Rich Koeler is sick of spam.
His beef is not with the processed luncheon meat, but with Internet junk mail - derisively dubbed “spam” - that constantly floods his virtual mailbox.
“I don’t like it. It’s unasked for and an annoyance,” says Koeler, who is besieged by up to 10 junk e-mails a day.
He’s got nothing against advertisers putting their messages on the World Wide Web for those who want to see what they’re offering.
“But you should have to actively go find it, not have it forced down your throat,” he says.
Koeler, of Brick Township, N.J., says he’s tried almost every trick in the book to stop the junk e-mail - including changing his e-mail address - without success. Recently he tried a new tactic: forwarding the unwanted e-mail to the Federal Trade Commission.
Koeler, 41, reasons that his latest approach might prod regulators into taking some action.
He’s not the only one looking to the government for a solution.
A recent flurry of congressional initiatives seek to place federal restrictions on unsolicited electronic ads, or banish them entirely.
A proposal by Sen. Frank Murkowski, R-Alaska, would require marketers to identify themselves, give their telephone number, physical and electronic address, and clearly label their messages as advertisements.
Sen. Robert Torricelli, D-N.J., has proposed a bill that would prohibit junk e-mailers from disguising their identity, from using automated programs to cull e-mail addresses from news groups and chat forums, and from continuing to send messages to those who ask to be taken off their list.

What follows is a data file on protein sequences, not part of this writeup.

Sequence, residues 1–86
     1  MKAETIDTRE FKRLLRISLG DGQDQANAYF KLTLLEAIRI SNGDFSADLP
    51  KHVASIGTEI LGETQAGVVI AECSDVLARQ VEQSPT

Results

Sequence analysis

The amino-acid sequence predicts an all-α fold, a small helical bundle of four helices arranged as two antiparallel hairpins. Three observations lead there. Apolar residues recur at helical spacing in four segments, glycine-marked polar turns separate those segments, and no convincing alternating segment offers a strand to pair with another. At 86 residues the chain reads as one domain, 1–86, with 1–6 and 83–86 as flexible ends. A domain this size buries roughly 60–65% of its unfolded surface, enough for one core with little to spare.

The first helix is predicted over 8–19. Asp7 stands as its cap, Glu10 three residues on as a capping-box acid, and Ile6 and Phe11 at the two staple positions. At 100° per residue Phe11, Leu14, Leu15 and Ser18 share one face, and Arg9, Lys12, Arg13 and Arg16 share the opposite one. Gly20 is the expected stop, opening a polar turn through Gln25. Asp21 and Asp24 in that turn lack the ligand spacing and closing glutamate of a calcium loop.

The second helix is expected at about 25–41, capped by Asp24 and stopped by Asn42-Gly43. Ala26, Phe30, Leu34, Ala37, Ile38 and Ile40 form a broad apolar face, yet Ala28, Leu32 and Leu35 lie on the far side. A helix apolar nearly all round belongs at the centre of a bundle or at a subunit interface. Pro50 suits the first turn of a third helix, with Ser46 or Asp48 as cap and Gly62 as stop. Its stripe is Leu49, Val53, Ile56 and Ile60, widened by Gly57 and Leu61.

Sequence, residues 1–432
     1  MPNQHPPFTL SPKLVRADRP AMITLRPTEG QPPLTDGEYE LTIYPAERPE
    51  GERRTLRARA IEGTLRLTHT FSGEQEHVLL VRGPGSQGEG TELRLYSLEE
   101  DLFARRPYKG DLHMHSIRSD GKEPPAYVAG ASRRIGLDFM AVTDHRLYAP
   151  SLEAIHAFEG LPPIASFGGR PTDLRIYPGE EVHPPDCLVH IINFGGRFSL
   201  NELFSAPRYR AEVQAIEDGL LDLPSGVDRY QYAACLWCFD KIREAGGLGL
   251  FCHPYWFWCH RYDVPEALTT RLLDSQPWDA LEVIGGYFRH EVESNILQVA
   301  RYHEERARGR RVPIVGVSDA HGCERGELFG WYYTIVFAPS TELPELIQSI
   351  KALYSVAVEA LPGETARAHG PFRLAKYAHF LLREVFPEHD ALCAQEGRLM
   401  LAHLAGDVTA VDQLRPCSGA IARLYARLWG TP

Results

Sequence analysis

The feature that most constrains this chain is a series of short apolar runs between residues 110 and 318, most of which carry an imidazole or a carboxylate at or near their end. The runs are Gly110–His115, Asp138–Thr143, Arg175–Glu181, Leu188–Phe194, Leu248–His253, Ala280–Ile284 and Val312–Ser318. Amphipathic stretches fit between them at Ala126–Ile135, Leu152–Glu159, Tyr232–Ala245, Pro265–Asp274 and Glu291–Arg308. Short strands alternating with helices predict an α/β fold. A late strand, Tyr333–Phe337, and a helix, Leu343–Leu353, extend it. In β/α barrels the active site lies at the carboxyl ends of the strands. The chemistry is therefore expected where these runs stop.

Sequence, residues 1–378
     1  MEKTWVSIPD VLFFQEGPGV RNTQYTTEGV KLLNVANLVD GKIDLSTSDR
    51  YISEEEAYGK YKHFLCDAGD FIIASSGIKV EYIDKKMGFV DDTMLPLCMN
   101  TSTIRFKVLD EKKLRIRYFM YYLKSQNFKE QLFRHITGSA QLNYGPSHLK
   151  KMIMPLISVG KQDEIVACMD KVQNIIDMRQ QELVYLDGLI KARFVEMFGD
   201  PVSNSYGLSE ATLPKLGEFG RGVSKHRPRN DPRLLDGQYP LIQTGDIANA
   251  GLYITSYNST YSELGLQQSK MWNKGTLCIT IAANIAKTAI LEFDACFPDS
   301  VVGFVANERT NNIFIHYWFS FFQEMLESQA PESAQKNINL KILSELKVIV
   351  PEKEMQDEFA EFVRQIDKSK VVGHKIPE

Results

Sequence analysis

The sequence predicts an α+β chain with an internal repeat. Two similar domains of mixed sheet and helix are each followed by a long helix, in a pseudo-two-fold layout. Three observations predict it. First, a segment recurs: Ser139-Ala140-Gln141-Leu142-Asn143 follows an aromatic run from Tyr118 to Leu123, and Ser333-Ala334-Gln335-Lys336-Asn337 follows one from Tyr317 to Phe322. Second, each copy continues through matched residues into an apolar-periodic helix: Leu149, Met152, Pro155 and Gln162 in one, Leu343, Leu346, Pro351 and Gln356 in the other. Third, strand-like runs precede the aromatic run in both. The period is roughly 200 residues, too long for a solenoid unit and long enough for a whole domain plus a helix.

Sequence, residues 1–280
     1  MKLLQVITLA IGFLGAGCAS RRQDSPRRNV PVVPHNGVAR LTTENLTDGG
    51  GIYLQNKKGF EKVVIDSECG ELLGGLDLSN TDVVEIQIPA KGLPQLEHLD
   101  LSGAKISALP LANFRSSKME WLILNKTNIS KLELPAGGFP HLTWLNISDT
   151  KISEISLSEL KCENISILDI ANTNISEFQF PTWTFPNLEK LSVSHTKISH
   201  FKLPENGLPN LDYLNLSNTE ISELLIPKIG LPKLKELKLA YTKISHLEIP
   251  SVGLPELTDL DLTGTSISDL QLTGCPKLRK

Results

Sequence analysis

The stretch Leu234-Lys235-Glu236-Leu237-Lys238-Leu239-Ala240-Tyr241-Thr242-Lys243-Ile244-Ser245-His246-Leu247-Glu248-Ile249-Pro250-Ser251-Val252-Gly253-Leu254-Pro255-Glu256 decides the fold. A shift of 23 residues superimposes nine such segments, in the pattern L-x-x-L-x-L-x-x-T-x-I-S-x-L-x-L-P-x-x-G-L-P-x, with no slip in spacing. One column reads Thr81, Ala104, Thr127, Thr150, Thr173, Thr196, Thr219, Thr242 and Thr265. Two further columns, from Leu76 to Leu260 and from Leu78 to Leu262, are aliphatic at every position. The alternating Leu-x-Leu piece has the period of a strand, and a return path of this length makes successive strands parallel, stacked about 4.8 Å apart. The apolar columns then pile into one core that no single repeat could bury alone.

Rep. Chris Smith, R-N.J., is pushing for an all-out ban on spam. He wants to broaden existing telecommunication laws to include computers in a ban on transmission of unsolicited ads through telephone lines.
Tens of millions of junk e-mails are sent each day. One of the largest bulk e-mailers, Philadelphia-based Cyber Promotions, sends as many as 20 million unsolicited ads daily, said President Sanford Wallace.
The FTC held a workshop on the issue in June and gave industry and citizens’ groups six months to suggest ways to keep junk mail from clogging the Internet.
The agency also pledged to crack down on fraudulent e-mail - such as phony investment schemes, or sales pitches that dupe people into sending money or credit-card numbers and give nothing of value in return.
The challenge is balancing the privacy interests of users with the free speech rights of marketers, but none of the pending legislation does that well, said Dierdre Mulligan, a lawyer for the Center for Democracy and Technology. The center is supported by computer and communications companies and advocates civil liberties on the Internet.
The bills also fail to address the sheer volume of junk e-mails that can strain Internet service providers’ resources and slow user access, she said.
Free-speech advocates warn against government restrictions on messages.
Reliable procedures for getting off e-mailing lists would be acceptable, said Ed Martone, executive director of the New Jersey chapter of the American Civil Liberties Union. But he said, “For the government to tell everyone, ‘You can’t do this because someone may object’ is too broad.”
As for unscrupulous e-mailers, attorney Peter Kennedy said there’s already a good way to fight back: Sue them.
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